I want to remind you of the real world. This is what I come home to. This is the view out my window. And I know ? Hello, Montana. Hello Bozeman. They?re all watching at the satellite thing. And that?s St. Mary?s peak up there. And in the fall, an amazing thing happens. We?ve got to remember to look up. Miracles are aloft. You can climb up- that?s like our city park, only it takes you about five hours to get to the picnic bench. And there?s no picnic bench either, but when you get up there, in the fall, you see ladybugs ? thousands and thousands of ladybugs. Ladybugs migrate and they go up really high, and they do this undulating long, long migration, and they?re tired. And they rest on the top of St. Mary?s peak. And when you go up there when you?re tired, they cover you. And they fly around your face. And they?re amazing. They?re amazing. They?re abundant.
And there?s something else that?s relatively scarce right now that understands abundance, and that?s the grizzly bear. And in Montana, about 100 miles north of that peak ? St. Mary?s peak ? there?s the Mission mountains. There?s a flathead Indian reservation. They close the mountains to hiking at this time of year so that the grizzly bears can eat their fill of ladybugs. Dozens of- imagine it, guys! There?s miracles aloft. Dozens of grizzly bears finding abundance. It?s the little things that?ll get us through the winter.
Indigenous peoples have known for a long time that the models are here. But now we?re catching on too ? Western industrial culture. Here?s some of nature?s apprentices, the people that I have the honor of chronicling in my career ? the people who are looking to redesign everything, who realize the failed paradigm of our design is just the fumblings of a young species.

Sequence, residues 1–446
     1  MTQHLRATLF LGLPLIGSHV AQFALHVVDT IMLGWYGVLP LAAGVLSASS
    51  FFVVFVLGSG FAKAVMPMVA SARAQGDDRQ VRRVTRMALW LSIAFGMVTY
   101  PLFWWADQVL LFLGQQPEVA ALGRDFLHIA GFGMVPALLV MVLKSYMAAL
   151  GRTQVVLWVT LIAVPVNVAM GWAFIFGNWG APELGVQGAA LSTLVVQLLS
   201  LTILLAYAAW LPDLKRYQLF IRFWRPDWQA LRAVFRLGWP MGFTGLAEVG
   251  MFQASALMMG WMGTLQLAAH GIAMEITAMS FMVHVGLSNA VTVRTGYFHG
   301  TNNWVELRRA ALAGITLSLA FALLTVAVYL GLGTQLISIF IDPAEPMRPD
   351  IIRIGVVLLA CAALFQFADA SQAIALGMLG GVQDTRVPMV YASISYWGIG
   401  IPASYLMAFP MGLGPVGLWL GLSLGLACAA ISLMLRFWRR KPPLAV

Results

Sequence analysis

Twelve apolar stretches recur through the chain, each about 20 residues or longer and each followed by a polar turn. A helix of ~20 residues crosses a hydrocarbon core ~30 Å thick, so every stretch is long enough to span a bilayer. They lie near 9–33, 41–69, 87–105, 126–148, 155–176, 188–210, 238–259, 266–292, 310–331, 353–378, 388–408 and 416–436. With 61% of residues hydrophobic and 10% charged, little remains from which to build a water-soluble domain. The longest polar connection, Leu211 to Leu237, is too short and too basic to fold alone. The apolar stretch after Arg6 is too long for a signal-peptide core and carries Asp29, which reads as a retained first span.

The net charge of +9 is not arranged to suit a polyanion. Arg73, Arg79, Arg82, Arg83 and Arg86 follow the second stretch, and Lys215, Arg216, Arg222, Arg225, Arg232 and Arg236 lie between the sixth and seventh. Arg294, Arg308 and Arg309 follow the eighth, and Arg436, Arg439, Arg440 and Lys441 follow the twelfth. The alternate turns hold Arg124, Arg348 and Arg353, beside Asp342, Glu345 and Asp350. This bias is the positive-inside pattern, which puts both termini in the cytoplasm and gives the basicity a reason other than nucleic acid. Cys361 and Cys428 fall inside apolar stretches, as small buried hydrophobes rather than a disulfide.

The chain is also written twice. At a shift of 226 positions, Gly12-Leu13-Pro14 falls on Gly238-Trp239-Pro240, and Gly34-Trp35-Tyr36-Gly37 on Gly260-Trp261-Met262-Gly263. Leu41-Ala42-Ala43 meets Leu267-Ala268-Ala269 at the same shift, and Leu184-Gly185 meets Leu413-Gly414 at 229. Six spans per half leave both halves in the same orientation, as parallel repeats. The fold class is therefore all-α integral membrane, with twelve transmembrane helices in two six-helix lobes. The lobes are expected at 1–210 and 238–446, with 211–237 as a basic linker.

Speaking of young species, this is the team at Biomimicry Guild, and we embarked on this most amazing journey. A couple years ago, we were privileged to be able to have the resources to filter feed through the biological literature. Imagine natural history geeks reading natural history books for a year straight, okay? That?s the joy emanating from their eyes. Joy beams! Joy beams! We went through the biological literature. We had a list of life?s greatest sustainability challenges on our left hand, and in our right hand we had scientific papers. And we filtered through. We found over 21- well, and when we finally had to stop, we found over 2100 phenomenal ideas, things that- some of them have been mimicked, things that should be mimicked and have not yet been, invitations mimic this book is what I think we?re gonna call it.
Anyway, we didn?t find just one. I mean look at this. You know, I just went through it. I started to count things up. I mean, yes, do we need 146 ways to do water-based chemistry? You bet, ?cause that?s how life does it. We do it, you know, toxic solvents. Do we need 49 ways ? new ways, new ways ? to generate energy? You bet we do. Do we need 23 new ways to absorb water and 44 new ways to store it? Absolutely we do. These are- it?s- do we need 58 new ways to manage extreme temperatures? Unfortunately, we do. Do we need 42 new ways to cooperate? Yeah. Look at how many ways there are to sense signals. Life listens and pays attention.
So, anyway, it was a privilege and a pleasure, and let me in this brief time, let me try to show you some of these amazing things.
CO2 ? to mollusks, to corals, CO2 is not a problem. It?s a feedstock. Corals create, you know- we?re telling- now they?re doing CO2 sequestration. They use CO2 to make their corals. There?s a company called Cholera(sp?). There?s some companies and people who are actually doing this work down at the bottom who has studied biomineralization. They?ve- the scientist who started this company studied bones and corals and now is finding a way to make cement that uses half of the CO2 that we normally use.